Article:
This Lab has KCS in both eyes
Keratoconjunctivitis sicca (KCS) or “dry eye” results from lack of water in the tears that nourish the eye. This usually results from an immune disease within the lacrimal glands. It can also result from certain medications like sulfa drugs.
To understand the “dry eye” syndrome, it is necessary to understand the normal health of the cornea as it relates to the tear film. The cornea is the clear, outer windshield of the eye, but like all living tissues it requires oxygen and nutrients. This is not supplied through blood vessels but through the three-layered pre-corneal tear film.
The outer most layer of the tear film is an oily layer supplied by glands in the eyelids. The middle layer is the liquid (aqueous) layer produced by the lacrimal glands that are located in the upper eyelid and in the third eyelid. This is the layer affected in KCS. The inner most layer of the tear film is in direct contact with the cornea and is a mucus layer produced by glands located in the conjunctival membrane.
When the aqueous layer of the tear film is not normal, the cornea becomes dry. Because the water is lost from the tear film, mucus is all that remains and it will accumulate in the eyes. The dried cornea, deprived of oxygen and nutrients through the tear film rapidly undergoes destructive changes resulting corneal ulcers, infections, significant patient discomfort, as well as corneal pigmentation and scarring, which prevents the dog from seeing clearly.
Diagnosis of Dry Eyes
Diagnosis of KCS Diagnosis is based on history, clinical signs and the Schirmer Tear Test (STT) which measures watery tear production.
Schirmer Tear Test. A special filter paper is placed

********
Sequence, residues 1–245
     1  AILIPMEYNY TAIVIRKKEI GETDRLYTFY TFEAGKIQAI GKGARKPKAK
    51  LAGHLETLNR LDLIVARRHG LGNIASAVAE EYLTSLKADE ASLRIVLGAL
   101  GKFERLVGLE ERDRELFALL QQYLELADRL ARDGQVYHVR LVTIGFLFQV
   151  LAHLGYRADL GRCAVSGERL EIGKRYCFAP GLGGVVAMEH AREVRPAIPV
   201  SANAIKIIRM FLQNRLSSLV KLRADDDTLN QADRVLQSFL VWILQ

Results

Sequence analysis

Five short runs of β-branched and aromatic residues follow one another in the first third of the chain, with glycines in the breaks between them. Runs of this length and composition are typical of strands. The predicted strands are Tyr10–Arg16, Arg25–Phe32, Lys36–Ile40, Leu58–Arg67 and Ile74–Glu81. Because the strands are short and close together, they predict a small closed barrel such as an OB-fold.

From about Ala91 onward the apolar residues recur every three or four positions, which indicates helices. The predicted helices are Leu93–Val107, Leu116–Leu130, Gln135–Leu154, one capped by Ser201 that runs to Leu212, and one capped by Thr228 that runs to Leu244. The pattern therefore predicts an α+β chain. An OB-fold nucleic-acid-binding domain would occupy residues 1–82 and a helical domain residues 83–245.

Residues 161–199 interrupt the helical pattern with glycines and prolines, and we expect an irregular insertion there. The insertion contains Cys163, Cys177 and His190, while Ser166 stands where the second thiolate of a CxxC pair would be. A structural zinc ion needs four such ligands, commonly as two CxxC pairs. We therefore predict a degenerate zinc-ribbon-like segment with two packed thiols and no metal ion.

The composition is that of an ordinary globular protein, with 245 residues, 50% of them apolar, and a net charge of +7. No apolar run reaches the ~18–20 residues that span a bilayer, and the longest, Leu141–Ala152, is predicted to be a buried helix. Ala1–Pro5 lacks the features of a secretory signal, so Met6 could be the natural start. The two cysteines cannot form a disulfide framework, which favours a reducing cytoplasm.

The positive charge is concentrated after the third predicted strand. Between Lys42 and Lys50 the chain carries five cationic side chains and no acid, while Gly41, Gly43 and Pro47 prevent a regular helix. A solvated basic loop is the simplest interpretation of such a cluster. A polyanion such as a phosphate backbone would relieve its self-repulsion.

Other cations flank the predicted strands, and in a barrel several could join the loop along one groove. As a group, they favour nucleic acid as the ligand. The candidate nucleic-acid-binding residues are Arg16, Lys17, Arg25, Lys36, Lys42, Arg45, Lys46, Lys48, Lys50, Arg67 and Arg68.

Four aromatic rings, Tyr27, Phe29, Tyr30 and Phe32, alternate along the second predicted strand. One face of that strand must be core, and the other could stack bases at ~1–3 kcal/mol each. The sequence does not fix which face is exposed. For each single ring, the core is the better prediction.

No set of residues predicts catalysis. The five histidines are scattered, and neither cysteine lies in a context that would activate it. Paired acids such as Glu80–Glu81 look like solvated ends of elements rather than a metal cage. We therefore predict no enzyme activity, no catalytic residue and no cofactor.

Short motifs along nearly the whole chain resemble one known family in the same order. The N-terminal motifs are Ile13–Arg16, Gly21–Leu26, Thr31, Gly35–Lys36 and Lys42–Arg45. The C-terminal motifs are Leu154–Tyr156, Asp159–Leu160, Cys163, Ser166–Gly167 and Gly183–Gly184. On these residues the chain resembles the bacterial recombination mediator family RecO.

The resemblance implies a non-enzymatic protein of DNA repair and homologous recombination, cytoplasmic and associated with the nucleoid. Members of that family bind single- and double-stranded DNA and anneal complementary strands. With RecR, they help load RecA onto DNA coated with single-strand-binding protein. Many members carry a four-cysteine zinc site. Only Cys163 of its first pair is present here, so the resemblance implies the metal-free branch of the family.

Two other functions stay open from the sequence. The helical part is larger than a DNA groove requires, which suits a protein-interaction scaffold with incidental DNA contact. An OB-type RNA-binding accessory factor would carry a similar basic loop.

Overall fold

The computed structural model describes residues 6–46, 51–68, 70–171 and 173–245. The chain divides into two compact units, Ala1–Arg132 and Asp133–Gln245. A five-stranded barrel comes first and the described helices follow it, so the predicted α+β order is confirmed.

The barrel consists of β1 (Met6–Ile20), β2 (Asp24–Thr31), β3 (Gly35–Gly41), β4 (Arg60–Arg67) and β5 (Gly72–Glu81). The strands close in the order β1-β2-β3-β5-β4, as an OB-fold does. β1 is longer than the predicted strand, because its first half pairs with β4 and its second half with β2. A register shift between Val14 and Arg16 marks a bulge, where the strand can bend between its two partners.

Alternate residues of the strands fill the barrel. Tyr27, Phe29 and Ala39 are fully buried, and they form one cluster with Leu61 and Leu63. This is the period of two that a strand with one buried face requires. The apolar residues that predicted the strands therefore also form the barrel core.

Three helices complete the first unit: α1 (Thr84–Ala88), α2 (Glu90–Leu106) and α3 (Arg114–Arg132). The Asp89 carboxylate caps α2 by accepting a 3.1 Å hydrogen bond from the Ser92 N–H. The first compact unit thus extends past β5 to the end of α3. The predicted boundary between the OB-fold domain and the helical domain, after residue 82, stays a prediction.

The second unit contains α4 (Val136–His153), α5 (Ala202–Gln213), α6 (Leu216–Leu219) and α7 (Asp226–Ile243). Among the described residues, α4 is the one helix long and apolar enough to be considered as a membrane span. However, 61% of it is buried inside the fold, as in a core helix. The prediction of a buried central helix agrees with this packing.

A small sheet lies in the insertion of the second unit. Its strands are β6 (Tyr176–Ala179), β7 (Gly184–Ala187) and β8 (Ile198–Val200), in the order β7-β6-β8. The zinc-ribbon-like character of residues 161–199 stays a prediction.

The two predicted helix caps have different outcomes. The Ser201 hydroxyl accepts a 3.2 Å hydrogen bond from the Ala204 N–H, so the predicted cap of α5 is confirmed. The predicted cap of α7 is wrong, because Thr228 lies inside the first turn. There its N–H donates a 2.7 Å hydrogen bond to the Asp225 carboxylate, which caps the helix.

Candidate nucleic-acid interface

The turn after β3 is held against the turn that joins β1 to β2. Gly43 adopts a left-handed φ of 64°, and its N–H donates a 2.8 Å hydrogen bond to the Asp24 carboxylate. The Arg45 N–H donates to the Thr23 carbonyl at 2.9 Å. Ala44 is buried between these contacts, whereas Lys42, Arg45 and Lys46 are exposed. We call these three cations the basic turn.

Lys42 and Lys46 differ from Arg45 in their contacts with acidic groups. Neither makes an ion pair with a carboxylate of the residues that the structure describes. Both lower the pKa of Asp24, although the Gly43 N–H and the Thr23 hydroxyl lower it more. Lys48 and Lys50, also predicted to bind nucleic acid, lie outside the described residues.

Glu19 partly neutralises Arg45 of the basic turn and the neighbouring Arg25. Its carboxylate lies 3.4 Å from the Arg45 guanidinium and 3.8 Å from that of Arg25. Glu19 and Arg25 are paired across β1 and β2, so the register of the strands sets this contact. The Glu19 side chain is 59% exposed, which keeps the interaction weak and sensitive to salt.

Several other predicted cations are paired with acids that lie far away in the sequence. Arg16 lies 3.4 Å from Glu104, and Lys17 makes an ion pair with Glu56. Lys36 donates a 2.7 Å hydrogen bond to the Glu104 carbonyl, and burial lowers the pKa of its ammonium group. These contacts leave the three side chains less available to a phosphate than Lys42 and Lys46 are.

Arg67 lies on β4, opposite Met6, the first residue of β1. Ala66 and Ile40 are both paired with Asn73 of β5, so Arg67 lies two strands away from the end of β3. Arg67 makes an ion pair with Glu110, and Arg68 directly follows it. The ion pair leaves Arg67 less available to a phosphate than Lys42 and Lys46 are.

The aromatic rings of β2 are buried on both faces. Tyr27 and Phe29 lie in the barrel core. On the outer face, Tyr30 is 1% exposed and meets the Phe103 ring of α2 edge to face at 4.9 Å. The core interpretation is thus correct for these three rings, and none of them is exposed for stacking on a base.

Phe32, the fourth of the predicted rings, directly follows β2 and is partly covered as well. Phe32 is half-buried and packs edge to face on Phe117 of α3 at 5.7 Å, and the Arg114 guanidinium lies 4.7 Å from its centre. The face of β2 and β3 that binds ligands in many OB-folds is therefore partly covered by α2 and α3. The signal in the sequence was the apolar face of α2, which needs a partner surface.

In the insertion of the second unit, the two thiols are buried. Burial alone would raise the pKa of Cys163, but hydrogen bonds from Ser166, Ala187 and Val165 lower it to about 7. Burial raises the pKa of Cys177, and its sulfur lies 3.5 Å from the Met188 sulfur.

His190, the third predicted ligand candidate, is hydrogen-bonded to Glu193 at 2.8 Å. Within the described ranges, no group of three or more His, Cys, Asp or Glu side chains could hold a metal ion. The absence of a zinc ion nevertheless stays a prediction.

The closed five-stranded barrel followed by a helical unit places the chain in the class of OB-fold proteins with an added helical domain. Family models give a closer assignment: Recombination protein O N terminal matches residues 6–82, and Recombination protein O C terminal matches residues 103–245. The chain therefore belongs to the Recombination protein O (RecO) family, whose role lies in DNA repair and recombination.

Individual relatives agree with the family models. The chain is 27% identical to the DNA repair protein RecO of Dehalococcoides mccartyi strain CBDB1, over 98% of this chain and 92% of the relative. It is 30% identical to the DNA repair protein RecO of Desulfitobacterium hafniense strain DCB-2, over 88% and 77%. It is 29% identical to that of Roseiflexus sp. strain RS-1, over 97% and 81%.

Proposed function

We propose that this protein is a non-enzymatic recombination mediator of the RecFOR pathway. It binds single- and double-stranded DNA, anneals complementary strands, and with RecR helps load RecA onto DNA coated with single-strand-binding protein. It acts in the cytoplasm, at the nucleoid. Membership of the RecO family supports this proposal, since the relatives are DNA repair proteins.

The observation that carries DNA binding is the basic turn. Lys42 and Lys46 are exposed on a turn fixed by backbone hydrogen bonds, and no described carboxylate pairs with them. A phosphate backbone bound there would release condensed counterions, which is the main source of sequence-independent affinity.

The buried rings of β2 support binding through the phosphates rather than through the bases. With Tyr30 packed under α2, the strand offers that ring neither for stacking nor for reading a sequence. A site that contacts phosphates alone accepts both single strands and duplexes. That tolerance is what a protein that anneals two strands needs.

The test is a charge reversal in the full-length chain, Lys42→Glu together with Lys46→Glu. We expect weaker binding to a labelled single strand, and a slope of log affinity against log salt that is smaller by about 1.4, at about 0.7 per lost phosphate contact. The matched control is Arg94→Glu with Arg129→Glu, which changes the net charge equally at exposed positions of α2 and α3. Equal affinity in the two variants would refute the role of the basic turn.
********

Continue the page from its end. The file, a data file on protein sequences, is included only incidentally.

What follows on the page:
into the conjunctival sac touching the eye. No tears
are climbing the filter paper in this patient
indicating dry eye.
Schirmer Tear Test. A dye column climbs the filter
paper after 1 minute when there are enough tears.
Anything less than 10mm is abnormal. In this
patient the left eye has plenty of tears and the
right eye is dry
Treatment of KCS
There are several considerations in treating keratoconjunctivitis sicca. A prime consideration is to reduce the overgrowth of bacteria that is common in the dry eye syndrome. The dry eye patient frequently has a buildup of mucus in the eyelids. This mucous is a media for bacterial growth, and antibacterial medications may be warranted.
Some antibacterial medications, whether in an ointment or eyedrop form, will give temporary reduction in the accumulation of secretions because they act as lubricants. However, when they are stopped, the signs of KCS rapidly re-appear.
Artificial tear preparations are often indicated to supplement the deficient tear film. In addition to watery preparations, artificial tear ointments are sometimes used to provide prolonged corneal contact overnight and during times that the patient cannot be treated frequentlyThe medical treatment for dry eye syndrome is life-long topical medication that stops progression of the disease and to reverse some of the damage already done. New drugs recently developed for the use of treatment of keratoconjunctivitis sicca include immune- modulating agents such as cyclosporine and Tacrolimus. Cyclosporine preparations in ointment or drop form provide both symptomatic relief and may result in the marked increase in tear secretions. One drop is placed in each affected eye twice daily. After 6 months, if the Schirmer tear test shows that the glands are making tears, this can be reduced to once daily treatment. Some dogs with corneal pigmentation will show some corneal clearing after 1 year of treatment.